Small businesses are the key to sustainable economic prosperity. Here’s why:

Farmer in Nicaragua

Quick. Name the first company that comes to mind when you think of the global agri-food sector.

Was it Nestle, Proctor and Gamble, or Cargill? Perhaps Danone or Olam? Maybe Coca-Cola?

While the giants of the agri-food sector often receive the most attention, it is the micro, small and medium-sized enterprises (MSMEs) of the world that the Organisation for Economic Co-operation and Development (OECD) notes will take a leading role in meeting most economic-related Sustainable Development Goals (SDGs).

It is the likes of Shan Maw Myae in Myanmar, Saperavi Farms in Ukraine, UCA Miraflor in Nicaragua, or Equator Ltd. in Kenya that will significantly drive economic growth in high-income and low-income countries alike. Whether formal or informal agribusinesses, these are the critical stakeholders in the future of sustainable agriculture and agri-food systems, with the potential to contribute substantially to the creation of decent work for small-scale producers and workers.

On International Micro-, Small and Medium-sized Enterprises (MSME) Day, MEDA salutes the millions of small agribusinesses that are contributing to creating jobs, feeding the world, and sustainably developing their communities and countries.

Perhaps no year has their contribution been more noticeable, and yet more precarious, than this year with the impacts of the COVID pandemic. MSMEs, particularly those led by women, youth, and other marginalized groups, have been negatively impacted by the pandemic. The UN says that more than 60% of women-led small businesses have been significantly affected by the COVID crisis and one in four are more likely not to survive compared to men-led small businesses.

That’s why this year’s MSME Day theme, “key to an inclusive and sustainable recovery,” strongly resonates with all of us here at MEDA.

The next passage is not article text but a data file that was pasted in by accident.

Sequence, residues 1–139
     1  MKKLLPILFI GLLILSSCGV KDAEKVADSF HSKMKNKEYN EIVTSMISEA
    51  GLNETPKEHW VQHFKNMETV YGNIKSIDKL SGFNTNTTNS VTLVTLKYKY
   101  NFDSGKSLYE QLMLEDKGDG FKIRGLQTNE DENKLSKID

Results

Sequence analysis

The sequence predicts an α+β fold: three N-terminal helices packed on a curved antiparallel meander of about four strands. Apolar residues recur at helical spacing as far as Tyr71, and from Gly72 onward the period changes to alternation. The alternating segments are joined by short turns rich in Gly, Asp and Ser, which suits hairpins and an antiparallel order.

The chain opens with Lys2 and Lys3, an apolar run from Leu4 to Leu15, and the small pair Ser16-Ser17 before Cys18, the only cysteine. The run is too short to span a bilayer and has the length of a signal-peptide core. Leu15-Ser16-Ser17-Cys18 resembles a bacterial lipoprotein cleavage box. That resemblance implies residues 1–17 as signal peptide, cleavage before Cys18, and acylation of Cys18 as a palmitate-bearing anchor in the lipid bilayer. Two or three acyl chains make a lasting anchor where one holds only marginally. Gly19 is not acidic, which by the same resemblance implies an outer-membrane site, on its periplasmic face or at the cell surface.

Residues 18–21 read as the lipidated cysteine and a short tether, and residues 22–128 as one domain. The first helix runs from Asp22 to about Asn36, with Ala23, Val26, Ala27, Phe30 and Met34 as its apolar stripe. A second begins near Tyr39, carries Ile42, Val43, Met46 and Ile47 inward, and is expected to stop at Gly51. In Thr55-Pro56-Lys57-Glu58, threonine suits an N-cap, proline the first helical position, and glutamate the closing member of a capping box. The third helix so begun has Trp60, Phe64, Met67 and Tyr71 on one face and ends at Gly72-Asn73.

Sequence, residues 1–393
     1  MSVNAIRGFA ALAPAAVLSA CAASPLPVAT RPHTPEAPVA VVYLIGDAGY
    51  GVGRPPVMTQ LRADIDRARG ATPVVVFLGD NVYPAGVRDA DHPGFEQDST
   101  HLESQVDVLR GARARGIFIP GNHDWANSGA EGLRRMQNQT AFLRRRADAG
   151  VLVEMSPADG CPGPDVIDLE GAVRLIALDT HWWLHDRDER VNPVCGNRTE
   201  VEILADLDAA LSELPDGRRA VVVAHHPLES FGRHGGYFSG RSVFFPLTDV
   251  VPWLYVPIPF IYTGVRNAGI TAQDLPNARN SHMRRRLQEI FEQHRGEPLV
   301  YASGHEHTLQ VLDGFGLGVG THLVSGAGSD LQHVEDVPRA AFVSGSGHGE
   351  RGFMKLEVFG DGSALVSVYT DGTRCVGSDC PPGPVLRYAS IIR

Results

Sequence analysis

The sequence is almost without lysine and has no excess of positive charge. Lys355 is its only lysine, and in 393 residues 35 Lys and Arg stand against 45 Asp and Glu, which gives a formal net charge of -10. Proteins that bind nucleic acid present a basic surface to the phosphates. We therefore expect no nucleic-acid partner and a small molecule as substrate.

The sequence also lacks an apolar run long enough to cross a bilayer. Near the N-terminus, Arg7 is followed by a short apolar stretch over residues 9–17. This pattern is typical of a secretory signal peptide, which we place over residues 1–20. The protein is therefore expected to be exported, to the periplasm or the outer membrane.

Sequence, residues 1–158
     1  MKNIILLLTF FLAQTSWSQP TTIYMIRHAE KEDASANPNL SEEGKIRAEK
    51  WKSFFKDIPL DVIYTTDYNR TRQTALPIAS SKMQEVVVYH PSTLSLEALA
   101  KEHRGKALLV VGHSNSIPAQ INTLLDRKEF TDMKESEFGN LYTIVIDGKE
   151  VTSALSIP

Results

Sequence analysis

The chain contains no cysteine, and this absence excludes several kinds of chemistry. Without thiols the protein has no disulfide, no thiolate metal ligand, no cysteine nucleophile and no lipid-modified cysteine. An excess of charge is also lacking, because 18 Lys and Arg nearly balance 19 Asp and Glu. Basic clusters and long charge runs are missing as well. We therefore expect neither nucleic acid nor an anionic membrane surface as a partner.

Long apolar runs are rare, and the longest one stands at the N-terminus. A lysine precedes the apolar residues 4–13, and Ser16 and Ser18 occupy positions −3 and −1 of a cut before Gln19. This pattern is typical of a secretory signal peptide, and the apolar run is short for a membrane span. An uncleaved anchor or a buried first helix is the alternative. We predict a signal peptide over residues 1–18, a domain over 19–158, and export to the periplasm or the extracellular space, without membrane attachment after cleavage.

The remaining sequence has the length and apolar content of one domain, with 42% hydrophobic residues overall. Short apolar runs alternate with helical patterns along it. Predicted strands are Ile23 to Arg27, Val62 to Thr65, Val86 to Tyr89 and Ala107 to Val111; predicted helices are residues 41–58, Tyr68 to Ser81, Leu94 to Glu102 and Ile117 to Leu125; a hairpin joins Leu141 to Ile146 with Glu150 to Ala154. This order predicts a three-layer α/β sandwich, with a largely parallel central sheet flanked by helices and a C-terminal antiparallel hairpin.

We have a long history of working alongside small agribusinesses, supporting those who want to strengthen inclusive business models that stimulate business and job growth while also strengthening their resilience and the resilience of the entire agri-food sector. We have seen their creativity and determination shine through during this crisis. MSMEs have gone online for the first time in order to continue selling and buying. Others have launched new products as they responded to shifting consumer needs. But we’ve also seen others struggle in the face of closed borders, disrupted supply chains, an inability to retain staff, and numerous barriers and challenges.

We recognize that MSMEs are part of complex markets and systems that are strongly influenced by political, cultural, and social contexts. Their sustainability should be everyone’s concern. But that sustainability may be compromised unless structural changes, longer-term reforms, and private and public investments are made to strengthen a food system enabling environment that promotes opportunity, equality, and resiliency to the looming climate crisis and other future shocks and stresses.

We must work with other stakeholders to collectively influence those actors whose policies, decisions, and ways of doing business affect the growth of MSMEs and the women and men small-scale food producers who sell to or buy from, MSMEs.

Let’s celebrate MSME Day by recognizing the vital role these enterprises play in feeding and nourishing communities and growing equitable economies. And let’s commit to doing more to support them.

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By:
  • Jennifer King is MEDA’s Technical Director of Market Systems. As an economic development professional with strong technical and programmatic expertise in market systems and private sector development, women’s economic empowerment, and gender lens investment in Canada and around the world, Jennifer provides valuable expertise in inclusive market system development to MEDA’s leadership team. Before becoming a Technical Director, Jennifer focused on women's economic empowerment, agricultural market systems, and gender-inclusive private sector development at MEDA. During this time Jennifer was a Senior Project Manager of a six-year project in Myanmar, and consulted internally and externally on projects in Nigeria, Ghana, Kenya, South Africa, Nicaragua, and Indonesia. Prior to MEDA, Jennifer was the founding Executive Director of Social Venture Partners (SVP) in Waterloo Region and helped establish Capacity Waterloo Region (now Capacity Canada). Jennifer's background also includes work in regional economic development and ecosystem development, and work in Sri Lanka strengthening the organizational capacity of the Rural Enterprise Network, a Practical Action social enterprise facilitating training and market linkages to micro-scale rural producers, most of whom are women, as well as those affected by the tsunami.